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Friday, April 29, 2016

8th Alabama Infantry, a Great Regiment

Here's a solid statistic from the Alabama Archives.  The 8th Alabama Infantry had lost 297 killed or dead of wounds as of January 1, 1865.  It lost two killed or mortally wounded at Hatcher's Run on February 6, 1865, and one killed or dead of wounds April 7, 1865, for a total of 300. Alabama Department of Archives and History, Confederate Regimental History Files, 8th Alabama Infantry, Folder 4, Part 3, 34-36.  300 exceeds the 295 battle fatalities suffered by the 5th New Hampshire, the Union regiment that Fox calculated lost the most battle fatalities on the Union side.  If you read the capsule histories of the Alabama regiments set forth by the Alabama Archives, the 8th's is the only overall number of killed or mortally wounded that is not qualified by a "nearly," "almost," "around," or the like.  I saw no bases for the estimates of the killed or dead of wounds in the 9th, 10th, 11th or 14th Alabama.  There are no estimates for the Alabama regiments in the Army of Tennessee.  

Wednesday, April 20, 2016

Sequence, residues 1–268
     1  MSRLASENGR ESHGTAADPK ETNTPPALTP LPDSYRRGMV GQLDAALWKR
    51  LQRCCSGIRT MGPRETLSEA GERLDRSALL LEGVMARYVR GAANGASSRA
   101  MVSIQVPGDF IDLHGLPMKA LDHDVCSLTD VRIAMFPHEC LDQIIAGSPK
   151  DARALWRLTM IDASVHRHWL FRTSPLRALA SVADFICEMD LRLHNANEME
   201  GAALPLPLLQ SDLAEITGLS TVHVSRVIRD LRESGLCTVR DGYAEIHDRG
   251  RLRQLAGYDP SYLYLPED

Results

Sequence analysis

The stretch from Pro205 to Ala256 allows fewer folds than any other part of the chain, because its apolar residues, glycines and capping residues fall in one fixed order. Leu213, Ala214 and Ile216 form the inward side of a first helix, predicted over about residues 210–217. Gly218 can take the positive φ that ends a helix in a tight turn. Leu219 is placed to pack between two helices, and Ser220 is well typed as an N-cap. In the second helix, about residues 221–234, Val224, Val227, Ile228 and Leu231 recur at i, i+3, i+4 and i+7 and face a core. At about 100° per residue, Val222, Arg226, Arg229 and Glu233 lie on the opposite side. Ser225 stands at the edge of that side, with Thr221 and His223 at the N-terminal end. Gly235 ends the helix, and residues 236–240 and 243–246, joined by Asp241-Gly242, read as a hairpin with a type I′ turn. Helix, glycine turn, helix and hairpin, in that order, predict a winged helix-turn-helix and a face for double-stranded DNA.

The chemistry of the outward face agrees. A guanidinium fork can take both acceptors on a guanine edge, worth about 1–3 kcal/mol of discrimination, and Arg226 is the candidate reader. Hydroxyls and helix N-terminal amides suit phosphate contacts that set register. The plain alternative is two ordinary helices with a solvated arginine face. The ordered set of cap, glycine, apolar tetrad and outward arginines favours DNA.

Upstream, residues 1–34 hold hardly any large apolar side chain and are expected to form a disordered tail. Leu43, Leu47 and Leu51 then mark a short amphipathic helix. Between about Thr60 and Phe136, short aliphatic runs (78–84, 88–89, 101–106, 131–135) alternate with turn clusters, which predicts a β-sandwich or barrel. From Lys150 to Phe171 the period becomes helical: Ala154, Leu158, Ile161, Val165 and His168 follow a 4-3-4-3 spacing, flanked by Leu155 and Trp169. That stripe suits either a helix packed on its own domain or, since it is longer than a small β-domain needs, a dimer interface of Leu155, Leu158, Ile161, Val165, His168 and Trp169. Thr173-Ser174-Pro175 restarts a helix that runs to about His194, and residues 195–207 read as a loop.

Baker's Brigade, Clayton's Division, Lee's Corps, Army of Tennessee

After I found the source stating that Baker's Brigade departed Atlanta for Mobile on August 25th, 1864, I went back and looked for this in what by now is my well-thumbed copy of Castel's Decision in the West.  Sure enough, a published version of the source is in the bibliography.  And Castel mentions the departure of Baker's Brigade for Mobile on page 499, but without the comment the information demands:  what in heavens were Hood and the Confederate high command thinking?  Had they grown that complacent that they were sending men away from the decisive point?  Didn't they know how important the capture of Atlanta would be for the North?  As Frederick the Great said, "He who defends everything, defends nothing."  The presence of Baker's Brigade at Atlanta probably would not have made much difference, but sending it away a week before Atlanta's (and consequently the war's) loss was sheer madness.  

Saturday, April 16, 2016

Shocking, Confederate Command Dispatching Troops from Atlanta on the Eve of its Fall

My studies have taken me west as I've tried to find comparable regiments to the 12th Virginia Infantry in the Army of Tennessee.  Last night I discovered that on August 25, 1864, the Army of Tennessee sent a brigade of infantry from Atlanta to Mobile, Alabama, arriving a few days later.  This suggests that contrary to the opinion of Castel, the historian of the Atlanta Campaign, General Hood, the commander of the Army of Tennessee, failed entirely to apprehend that Sherman had not abandoned the siege but was headed for Atlanta's last rail link with the rest of the Confederacy.  Atlanta fell September 1, 1864.  No wonder Atlanta fell.  The Confederacy's leadership had lost touch with reality.

Saturday, April 9, 2016

Alabama Archives